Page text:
You mentioned the issue of climate change and food production. One of the most fascinating maps in the book shows how global considerations might change if the world becomes four degrees Celsius warmer. Much of the United States becomes uninhabitable desert, while cities and food-growing zones shift to Canada.
This is a map by the New Scientist, a very respected British journal. They made this forecast of where global food production would be relocated to if the world rises four degrees Celsius above the 1990 baseline, which of course the Intergovernmental Panel on Climate Change uses. Where today the world’s largest food producers are the United States, Brazil, China, India, Australia and so forth, it could be that 30 years from now or less, the world’s largest food producers are Canada and Russia.
This is ironic for a host of brutal reasons. First, these are two of the most sparsely populated countries in the world. Do you know what the world population is north of 66 degrees latitude, near the Arctic Circle? It’s less than the population of Manhattan. For this book, I went up to the northernmost tippy-top of Norway to look at the Arctic supply chain. Not only are temperatures rising there, but populations are growing, new towns are developing, ports and shipping industries are thriving, in these super cold places. And I met these old people who actually remember when things were a lot colder, because it’s not as cold as it used to be, though for me it was still damn cold.
The year 2050 or 2100 seems like light-years away. But if we agree that climate change is not getting reversed or slowed down by our current efforts, you have to take seriously the idea that the world’s existing political boundaries and restricting the movement of people don’t make a lot of sense. Canada isn’t going to be just for the Canadians, and what we today call Russia isn’t just going to be for the rapidly diminishing Russian population.
You also have a map that looks at “The New Arctic Geography.” This isn’t a view of the world that a lot of people are used to looking at, but something they will need to get more used to over the next decades. What is the importance of this region and these shipping lanes?
They play a very significant role in geopolitics. The world has four significant maritime choke points, three of which are geopolitically sensitive — the Suez Canal, the Strait of Hormuz and the Strait of Malacca. We have feared for 100 years that there could be an act of terrorism or war that would block one of these choke points and disrupt global trade and energy flows.
But Arctic shipping is a faster and better system. Tragic as climate change is, it opens up these new passageways to Europe, to North America, into the Hudson Bay. So the way into the heart of North America may eventually be these Arctic shipping routes.
Let me ask you about your map of Eurasia’s “new Silk Roads,” which shows some of the projects being built by the Chinese-led Asian Infrastructure Investment Bank. You also describe competitive connectivity as the next arms race. Compared with the United States, is China really winning the battle for connectivity?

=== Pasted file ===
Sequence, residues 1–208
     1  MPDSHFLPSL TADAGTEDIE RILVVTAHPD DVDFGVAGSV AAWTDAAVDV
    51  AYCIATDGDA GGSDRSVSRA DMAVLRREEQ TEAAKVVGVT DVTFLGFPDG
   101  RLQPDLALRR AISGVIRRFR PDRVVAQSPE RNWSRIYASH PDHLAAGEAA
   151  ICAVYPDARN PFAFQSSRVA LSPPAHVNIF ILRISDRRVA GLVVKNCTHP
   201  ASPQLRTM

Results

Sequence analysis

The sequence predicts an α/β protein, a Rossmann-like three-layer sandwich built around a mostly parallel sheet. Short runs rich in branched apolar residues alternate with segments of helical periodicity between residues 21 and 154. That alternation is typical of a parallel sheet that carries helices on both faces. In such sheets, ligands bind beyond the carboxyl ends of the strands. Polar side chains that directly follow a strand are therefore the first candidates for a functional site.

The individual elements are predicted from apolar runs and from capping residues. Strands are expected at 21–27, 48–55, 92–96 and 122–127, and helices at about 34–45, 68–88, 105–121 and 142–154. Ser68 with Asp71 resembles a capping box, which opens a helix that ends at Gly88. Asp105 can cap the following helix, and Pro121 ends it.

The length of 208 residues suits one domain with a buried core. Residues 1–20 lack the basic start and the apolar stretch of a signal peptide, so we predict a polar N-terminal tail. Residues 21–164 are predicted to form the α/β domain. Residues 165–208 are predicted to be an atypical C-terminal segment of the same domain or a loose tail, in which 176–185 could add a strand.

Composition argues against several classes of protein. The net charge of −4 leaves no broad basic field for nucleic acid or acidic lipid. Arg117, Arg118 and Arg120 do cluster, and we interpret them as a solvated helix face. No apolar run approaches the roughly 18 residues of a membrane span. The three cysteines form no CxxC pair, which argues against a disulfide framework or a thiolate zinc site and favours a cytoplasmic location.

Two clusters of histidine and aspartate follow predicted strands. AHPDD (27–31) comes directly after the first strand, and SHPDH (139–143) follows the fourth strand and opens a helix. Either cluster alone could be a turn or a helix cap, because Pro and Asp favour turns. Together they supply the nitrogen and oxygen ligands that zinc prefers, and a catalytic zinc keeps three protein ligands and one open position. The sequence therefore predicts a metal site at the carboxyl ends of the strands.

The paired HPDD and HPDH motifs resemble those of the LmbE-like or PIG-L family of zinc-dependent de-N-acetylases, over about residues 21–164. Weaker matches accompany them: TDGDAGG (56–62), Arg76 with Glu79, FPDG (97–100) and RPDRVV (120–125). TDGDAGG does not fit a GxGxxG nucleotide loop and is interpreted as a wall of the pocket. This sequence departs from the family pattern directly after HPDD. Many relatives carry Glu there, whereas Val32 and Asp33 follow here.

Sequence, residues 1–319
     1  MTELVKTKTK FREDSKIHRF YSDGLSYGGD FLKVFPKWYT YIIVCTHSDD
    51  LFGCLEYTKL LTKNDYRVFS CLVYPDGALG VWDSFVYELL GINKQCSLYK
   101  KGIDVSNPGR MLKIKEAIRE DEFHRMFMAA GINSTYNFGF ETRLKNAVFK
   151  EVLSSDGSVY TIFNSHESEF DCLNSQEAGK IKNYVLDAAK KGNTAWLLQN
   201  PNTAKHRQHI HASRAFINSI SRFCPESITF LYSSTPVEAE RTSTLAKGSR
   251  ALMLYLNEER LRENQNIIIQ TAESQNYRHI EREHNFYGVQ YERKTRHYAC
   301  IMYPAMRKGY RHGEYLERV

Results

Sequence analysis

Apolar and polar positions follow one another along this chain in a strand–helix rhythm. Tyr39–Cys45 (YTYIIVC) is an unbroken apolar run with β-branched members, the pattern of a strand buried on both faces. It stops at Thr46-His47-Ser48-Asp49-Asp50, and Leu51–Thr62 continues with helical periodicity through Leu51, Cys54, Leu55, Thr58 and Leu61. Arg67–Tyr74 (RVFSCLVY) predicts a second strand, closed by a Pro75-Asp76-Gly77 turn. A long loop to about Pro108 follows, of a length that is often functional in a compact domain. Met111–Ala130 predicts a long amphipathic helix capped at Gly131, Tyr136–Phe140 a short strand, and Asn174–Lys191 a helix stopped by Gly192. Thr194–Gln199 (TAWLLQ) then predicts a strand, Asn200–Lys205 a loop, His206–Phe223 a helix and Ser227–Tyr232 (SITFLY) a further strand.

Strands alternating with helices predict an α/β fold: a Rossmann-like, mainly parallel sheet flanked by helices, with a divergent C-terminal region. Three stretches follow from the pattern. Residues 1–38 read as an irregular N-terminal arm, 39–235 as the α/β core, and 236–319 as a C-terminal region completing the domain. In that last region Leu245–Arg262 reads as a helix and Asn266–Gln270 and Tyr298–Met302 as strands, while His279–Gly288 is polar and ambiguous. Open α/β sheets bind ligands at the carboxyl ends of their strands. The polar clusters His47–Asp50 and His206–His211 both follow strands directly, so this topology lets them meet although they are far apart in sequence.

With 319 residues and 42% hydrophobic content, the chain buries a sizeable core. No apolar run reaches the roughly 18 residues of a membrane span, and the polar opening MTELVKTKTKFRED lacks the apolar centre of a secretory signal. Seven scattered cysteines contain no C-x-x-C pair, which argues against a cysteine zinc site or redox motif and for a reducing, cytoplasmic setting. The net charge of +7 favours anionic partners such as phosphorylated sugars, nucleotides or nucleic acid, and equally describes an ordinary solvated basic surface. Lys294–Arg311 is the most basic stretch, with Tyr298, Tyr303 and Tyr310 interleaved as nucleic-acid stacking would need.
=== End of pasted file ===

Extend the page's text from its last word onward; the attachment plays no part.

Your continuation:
There is no final winner in this competitive connectivity, and it’s not zero sum. We’re all benefiting in some way from this build-out of infrastructure that has been neglected for decades.
This map of the new Silk Roads shows the railways, pipelines and so forth that are going to be built by the Asian Infrastructure Investment Bank and other organizations across much of Eurasia. Right now, Europe’s trade with China is almost the same as Europe’s trade with America. Just imagine how big that economic bloc will be when all of those trade corridors are complete and you have seamless transportation between Europe and Asia.
America definitely took the wrong approach, which was to try to block the creation of the Asian Infrastructure Investment Bank. Meanwhile our closest allies — Britain, Germany, European countries — signed on as the bank’s charter members. The Obama administration basically pretended like this was a zero-sum tug of war over allies, but they didn’t realize that America’s military alliance system is not the only way of understanding global public goods. We think of security as the most paramount global public good, and America is the leading provider of that good. But what China has shown is that infrastructure is an equally important public good. Hundreds of countries desperately need and want infrastructure, and China is the world’s leading provider of that.
In the book, I have so many examples of why we should let China go ahead and build all of these things, but we should be competing for the lucrative value-added deals. We don’t have millions of American construction workers to export to Africa. But when those countries finally start to use their connectivity to build factories that are making useful things, we should be the ones financing the deals and selling the technologies. China builds up the world, and we get to benefit from the growth of those markets.